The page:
Answer to that is verse 8 – action is superior to inaction. Through inaction, one cannot even maintain one’s own body.

Question 3 – What qualifications do I need? Do I need to be a doctor, lawyer, MBA for karma yoga?
Answer to that is verse 19, purport 2 – also the favourite of Mahatma Gandhi, and which Guruji has also put onto the back cover of his Amazing Simple Gita. “No qualifications needed.”

Intrigued? Continued tomorrow…

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Shock and Awe 5

Time again for another Shock and Awe post.

Quoting below from the free Amazing Simple Gita.

  1. When we want anything, our mind starts getting perturbed. Are we getting it? or Not? Our mind is disturbed and finds no peace.
  2. 4 important points for peace:
    1. Give up all desires that come to your mind.
    2. Also give up all attachments.
    3. Give up “I”…the feeling I did it, I was responsible etc.
    4. Give up ‘mine’. The possessions, the feeling of mine which separates you from ‘all’, i.e. the Lord
  3. A person attains actionlessness not by withdrawing from action, but by renouncing fruits of actions

What simple yet splendid takeaways!

An important point, is that all of the above are at the mind level. In the material physical world, we need to behave with common sense. Also, these are ‘destination’ verses, and not necessarily something we can perfect in just a short time.

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Our actions – part 1 of 2

In the quest for moksha or liberation, one can take many paths. The path of knowledge, the path of devotion, the path of meditation etc. are some of the ways to the same goal. The easiest and most identifiable path in this day and age though, is supposed to be the path of action, also known as karma yoga.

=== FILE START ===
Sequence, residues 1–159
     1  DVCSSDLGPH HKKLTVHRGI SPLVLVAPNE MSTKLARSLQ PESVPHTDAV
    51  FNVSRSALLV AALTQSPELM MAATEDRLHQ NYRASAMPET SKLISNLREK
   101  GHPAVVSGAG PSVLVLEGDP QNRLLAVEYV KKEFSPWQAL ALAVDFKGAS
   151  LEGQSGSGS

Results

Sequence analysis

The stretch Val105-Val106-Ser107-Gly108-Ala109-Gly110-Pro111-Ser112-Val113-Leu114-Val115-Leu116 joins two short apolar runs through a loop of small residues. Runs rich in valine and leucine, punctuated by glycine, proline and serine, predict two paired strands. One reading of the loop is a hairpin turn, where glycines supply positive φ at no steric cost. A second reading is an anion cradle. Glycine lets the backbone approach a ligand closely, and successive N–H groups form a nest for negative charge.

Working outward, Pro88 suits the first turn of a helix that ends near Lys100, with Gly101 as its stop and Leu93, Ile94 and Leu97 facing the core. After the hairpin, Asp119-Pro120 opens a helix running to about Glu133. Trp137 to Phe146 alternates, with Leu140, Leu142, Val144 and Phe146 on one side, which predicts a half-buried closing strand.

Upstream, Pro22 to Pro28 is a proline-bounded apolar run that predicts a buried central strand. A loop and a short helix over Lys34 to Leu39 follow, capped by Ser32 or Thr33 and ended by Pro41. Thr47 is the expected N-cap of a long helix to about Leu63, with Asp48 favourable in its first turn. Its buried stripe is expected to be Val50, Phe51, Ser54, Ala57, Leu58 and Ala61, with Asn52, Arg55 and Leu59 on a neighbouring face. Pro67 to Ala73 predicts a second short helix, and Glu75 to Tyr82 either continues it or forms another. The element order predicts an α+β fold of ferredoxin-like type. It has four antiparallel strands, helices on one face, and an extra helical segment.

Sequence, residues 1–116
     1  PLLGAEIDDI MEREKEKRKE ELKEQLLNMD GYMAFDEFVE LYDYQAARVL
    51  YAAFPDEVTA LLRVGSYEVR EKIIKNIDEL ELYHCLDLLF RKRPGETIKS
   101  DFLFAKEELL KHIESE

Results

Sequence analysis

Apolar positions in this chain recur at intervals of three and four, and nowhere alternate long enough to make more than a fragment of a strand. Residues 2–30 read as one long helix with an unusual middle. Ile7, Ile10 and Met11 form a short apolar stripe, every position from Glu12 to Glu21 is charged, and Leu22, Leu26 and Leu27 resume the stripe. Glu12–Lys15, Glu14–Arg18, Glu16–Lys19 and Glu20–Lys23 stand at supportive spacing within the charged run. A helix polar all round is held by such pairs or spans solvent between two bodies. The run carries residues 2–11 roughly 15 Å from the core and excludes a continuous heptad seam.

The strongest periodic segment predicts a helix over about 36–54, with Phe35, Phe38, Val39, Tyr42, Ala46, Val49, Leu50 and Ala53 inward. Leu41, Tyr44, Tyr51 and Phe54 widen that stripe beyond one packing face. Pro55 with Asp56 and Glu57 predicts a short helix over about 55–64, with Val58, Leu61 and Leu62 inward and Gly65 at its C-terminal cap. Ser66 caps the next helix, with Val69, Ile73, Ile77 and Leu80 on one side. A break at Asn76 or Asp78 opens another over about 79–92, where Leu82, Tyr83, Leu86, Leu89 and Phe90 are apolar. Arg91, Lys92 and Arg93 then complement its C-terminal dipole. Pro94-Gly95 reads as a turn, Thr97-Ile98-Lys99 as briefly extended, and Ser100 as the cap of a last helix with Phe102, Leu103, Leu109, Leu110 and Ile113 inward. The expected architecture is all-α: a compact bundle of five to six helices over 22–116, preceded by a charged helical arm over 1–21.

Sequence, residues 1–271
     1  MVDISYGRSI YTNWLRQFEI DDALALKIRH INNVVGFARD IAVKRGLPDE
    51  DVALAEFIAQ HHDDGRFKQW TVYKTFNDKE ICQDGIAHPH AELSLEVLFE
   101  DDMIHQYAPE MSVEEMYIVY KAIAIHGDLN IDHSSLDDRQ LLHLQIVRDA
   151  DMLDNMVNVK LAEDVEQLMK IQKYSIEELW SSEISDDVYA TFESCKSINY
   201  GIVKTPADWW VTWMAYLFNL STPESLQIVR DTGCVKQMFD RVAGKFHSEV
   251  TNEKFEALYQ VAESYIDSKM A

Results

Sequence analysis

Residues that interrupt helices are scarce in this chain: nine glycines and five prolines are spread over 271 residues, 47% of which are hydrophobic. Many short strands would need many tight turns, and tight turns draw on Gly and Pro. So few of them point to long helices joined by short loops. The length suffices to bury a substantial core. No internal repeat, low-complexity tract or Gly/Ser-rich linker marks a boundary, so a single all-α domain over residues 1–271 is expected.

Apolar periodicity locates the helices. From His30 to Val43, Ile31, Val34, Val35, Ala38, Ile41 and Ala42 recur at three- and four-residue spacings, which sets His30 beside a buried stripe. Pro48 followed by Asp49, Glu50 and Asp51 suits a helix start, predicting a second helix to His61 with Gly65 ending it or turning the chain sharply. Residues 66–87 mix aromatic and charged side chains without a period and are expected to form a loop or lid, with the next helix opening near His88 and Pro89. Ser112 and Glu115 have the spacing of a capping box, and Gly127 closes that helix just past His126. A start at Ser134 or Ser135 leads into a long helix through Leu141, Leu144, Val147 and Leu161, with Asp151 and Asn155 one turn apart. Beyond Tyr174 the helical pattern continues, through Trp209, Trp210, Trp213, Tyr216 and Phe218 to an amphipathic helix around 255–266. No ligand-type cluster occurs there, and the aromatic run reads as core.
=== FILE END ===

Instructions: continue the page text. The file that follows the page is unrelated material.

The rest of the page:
There are 2 very specific principles of karma yoga, and these often cause much confusion in their applicability.
1. We must give up the fruits of our actions.
2. We must give up the doer-ship of our actions.

What does this even mean? We will explore the first principle now, and the next one in tomorrow’s follow up post.

Let us say we have a bright chance of getting promoted at work. This entails putting in our best work for the next 6 months. How much of our time over the next 6 months goes in actually working, versus in worrying about the result? It is likely that many of us dissipate a lot of our energies stressing about that which is not in our control. We cannot control the promotion cycle or evaluation cycle or the management team that has to vote on the promotions or the macro environment or the overall profit / loss of the company or the number of other candidates that deserve promotions or even whether your recommending officer (i.e. your boss) would still be with the firm! There is only thing we can control however, and this is the quality of our own work.

The first principle of karma yoga drives home precisely this point. Irrespective of what you are doing (studying, giving an exam, working, driving, eating, anything!), focus on doing your best, and forget about the end result. This forgetting about the end result, is called giving up the fruits of our actions. The less the worry, the more the enjoyment of the work at hand, and thereby better the quality of output.

Last but not the least, giving up the result does not mean we say ‘No’ to a promotion if we get it, as that would only be foolish! But we do not need to be mentally ‘bound’ to the promotion either, especially while doing the work. If the promotion does not come through, we can either try for one next time, or look for another role. Part 2 tomorrow!